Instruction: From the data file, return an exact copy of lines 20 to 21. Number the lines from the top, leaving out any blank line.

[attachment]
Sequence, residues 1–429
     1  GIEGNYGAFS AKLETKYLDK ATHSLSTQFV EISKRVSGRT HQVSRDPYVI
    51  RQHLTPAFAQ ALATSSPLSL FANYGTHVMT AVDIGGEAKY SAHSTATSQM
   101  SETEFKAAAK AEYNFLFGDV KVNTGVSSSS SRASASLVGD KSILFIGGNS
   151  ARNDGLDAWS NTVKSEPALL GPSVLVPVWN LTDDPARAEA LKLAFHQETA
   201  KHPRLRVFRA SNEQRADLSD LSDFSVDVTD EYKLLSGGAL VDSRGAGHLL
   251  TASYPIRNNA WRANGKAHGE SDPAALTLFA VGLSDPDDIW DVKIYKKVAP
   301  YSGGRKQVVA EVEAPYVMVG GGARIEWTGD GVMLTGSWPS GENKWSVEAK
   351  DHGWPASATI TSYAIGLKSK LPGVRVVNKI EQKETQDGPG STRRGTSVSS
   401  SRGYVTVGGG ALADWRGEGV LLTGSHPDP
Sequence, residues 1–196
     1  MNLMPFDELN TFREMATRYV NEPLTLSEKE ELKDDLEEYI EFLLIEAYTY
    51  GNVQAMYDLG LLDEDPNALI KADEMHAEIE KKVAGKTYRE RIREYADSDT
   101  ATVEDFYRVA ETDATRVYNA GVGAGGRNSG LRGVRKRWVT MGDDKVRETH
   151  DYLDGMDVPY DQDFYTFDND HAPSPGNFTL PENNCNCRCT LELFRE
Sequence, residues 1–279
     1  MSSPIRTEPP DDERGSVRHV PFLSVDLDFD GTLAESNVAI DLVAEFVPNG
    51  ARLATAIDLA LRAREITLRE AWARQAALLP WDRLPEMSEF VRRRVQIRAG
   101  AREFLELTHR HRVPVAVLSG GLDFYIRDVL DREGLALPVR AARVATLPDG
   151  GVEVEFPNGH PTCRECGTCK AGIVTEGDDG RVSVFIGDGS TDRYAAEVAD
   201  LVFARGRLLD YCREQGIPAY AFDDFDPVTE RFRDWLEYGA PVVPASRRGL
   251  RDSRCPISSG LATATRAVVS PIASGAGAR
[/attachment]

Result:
   151  GVEVEFPNGH PTCRECGTCK AGIVTEGDDG RVSVFIGDGS TDRYAAEVAD
   201  LVFARGRLLD YCREQGIPAY AFDDFDPVTE RFRDWLEYGA PVVPASRRGL